Do anti-inflammatory medications have a role in preventing future serious heart conditions or stroke in people who have previously had a stroke or a transient ischaemic attack (TIA, or 'mini-stroke') as the result of a blood clot?
Anti-inflammatory medications are used to reduce inflammation in several inflammatory conditions. Inflammation may be involved in the occurrence of stroke, mainly through the development of fatty deposits in the vessel (artery). Currently, a variety of medications are available to reduce the risk of heart attacks and strokes or mini-strokes, but 1 in 20 people will have a further stroke or heart attack.
Searching was complete on 29 May 2019.
Eligible studies could involve any medication whose main use was anti-inflammatory in any setting in adult patients who had a previous stroke or TIA caused by a clot.
Although we conducted a thorough search of the medical literature for randomised controlled trials assessing anti-inflammatory medications versus no anti-inflammatory medications in people with previous stroke or TIA due to a blood clot, we were unable to identify any studies that had been conducted to explore this topic. Therefore, we cannot say whether anti-inflammatory medications alter heart and stroke outcomes following stroke due to a clot, or what the harms and benefits of this treatment might be. Trials are needed to compare the use of anti-inflammatory medications in combination with usual treatment versus usual treatment alone.
Quality of the evidence
No evidence and no studies were available.
There is currently a paucity of evidence on the use of anti-inflammatory medications for prevention of major cardiovascular events following ischaemic stroke or TIA. RCTs are needed to assess whether use of anti-inflammatory medications in this setting is beneficial.
An increasing body of evidence suggests that inflammation plays a key role in stroke, in particular stroke of atherosclerotic origin. Anti-inflammatory medications are a widely heterogeneous group of drugs that are used to suppress the innate inflammatory pathway and thus prevent persistent or recurrent inflammation. Anti-inflammatory agents have the potential to stabilise atherosclerotic plaques by impeding the inflammatory pathway. By targeting specific cytokines, the inflammatory pathway may be interrupted at various stages.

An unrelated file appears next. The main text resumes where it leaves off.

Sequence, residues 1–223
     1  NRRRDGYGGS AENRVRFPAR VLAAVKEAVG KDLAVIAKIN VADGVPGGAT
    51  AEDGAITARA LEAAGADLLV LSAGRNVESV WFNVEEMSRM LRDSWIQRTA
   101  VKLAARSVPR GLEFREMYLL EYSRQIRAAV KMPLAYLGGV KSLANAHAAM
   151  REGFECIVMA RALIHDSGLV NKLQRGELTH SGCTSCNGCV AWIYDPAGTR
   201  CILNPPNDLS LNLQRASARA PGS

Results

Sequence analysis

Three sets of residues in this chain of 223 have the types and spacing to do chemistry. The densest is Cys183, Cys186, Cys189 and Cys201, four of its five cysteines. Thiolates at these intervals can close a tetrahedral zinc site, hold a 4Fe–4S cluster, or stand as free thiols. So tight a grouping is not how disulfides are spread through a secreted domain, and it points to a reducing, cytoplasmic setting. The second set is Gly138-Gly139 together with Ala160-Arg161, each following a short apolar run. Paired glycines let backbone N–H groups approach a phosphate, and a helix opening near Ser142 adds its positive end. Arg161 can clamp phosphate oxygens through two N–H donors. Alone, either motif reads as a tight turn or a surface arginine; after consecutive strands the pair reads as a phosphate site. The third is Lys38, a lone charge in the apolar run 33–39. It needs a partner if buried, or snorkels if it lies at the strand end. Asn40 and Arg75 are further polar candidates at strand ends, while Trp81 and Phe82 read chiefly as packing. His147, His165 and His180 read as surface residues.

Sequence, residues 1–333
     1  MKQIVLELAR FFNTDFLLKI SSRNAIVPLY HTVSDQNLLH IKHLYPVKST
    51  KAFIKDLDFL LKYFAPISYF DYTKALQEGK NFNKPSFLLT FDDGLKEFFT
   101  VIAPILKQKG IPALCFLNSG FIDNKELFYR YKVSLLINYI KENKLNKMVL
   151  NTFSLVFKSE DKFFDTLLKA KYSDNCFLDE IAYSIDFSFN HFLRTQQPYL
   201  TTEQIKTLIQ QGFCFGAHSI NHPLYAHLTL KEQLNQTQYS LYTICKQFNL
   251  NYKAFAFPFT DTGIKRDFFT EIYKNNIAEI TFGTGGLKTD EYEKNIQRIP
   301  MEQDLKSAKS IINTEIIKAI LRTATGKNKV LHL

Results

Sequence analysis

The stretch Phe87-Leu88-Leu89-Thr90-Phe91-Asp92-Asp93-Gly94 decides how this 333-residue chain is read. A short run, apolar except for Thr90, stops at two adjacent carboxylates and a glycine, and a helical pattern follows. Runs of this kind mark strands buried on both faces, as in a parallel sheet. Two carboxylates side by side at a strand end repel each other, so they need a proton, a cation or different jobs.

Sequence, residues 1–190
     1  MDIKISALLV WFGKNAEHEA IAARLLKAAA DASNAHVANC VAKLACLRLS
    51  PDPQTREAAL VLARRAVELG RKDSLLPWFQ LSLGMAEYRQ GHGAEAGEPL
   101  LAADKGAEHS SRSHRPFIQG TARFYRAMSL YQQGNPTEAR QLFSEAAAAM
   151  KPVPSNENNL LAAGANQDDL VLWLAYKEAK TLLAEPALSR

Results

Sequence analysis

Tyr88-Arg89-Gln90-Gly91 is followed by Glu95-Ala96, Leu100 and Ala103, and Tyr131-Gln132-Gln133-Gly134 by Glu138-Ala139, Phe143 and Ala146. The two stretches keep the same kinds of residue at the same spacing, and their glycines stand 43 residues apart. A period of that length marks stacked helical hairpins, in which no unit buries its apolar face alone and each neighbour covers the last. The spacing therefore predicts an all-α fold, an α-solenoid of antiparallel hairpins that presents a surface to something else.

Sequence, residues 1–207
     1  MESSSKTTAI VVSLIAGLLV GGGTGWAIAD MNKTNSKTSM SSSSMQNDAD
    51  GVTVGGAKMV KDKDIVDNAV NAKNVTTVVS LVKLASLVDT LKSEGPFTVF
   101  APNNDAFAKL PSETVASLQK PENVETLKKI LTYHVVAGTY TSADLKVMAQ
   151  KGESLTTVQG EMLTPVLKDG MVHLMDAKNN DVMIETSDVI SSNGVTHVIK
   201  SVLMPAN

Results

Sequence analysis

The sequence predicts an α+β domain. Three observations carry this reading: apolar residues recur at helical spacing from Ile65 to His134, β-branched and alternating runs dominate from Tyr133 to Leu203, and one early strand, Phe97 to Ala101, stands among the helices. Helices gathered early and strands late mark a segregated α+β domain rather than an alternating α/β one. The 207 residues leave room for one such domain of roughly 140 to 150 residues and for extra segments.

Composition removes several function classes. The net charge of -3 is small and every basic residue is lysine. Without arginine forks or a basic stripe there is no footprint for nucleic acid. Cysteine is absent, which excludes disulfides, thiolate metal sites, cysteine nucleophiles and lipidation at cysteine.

To assess the benefits and harms of anti-inflammatory medications plus standard care versus standard care with or without placebo for prevention of vascular events (stroke, myocardial infarction (MI), non-fatal cardiac arrest, unstable angina requiring revascularisation, vascular death) and all-cause mortality in people with a prior history of ischaemic stroke or transient ischaemic attack (TIA).
We searched the Cochrane Central Register of Controlled Trials (CENTRAL; last searched 29 May 2019); MEDLINE (1948 to 29 May 2019); Embase (1980 to 29 May 2019); the Cumulative Index to Nursing and Allied Health Literature (CINAHL; 1982 to 29 May 2019); and Scopus (1995 to 29 May 2019). In an effort to identify additional published, unpublished, and ongoing trials, we searched several grey literature sources (last searched 30 May 2019). We incorporated all identified studies into the results section. We applied no restrictions with respect to language, date of publication, or study setting.
We considered randomised controlled trials (RCTs) and cluster-randomised controlled trials that evaluated anti-inflammatory medications for prevention of major cardiovascular events following ischaemic stroke or TIA.
Two review authors independently assessed for inclusion titles and abstracts of studies identified by the search. Two review authors independently reviewed full-text articles for inclusion in this review. We planned to assess risk of bias and to apply the GRADE method.
We identified no studies that met the inclusion criteria.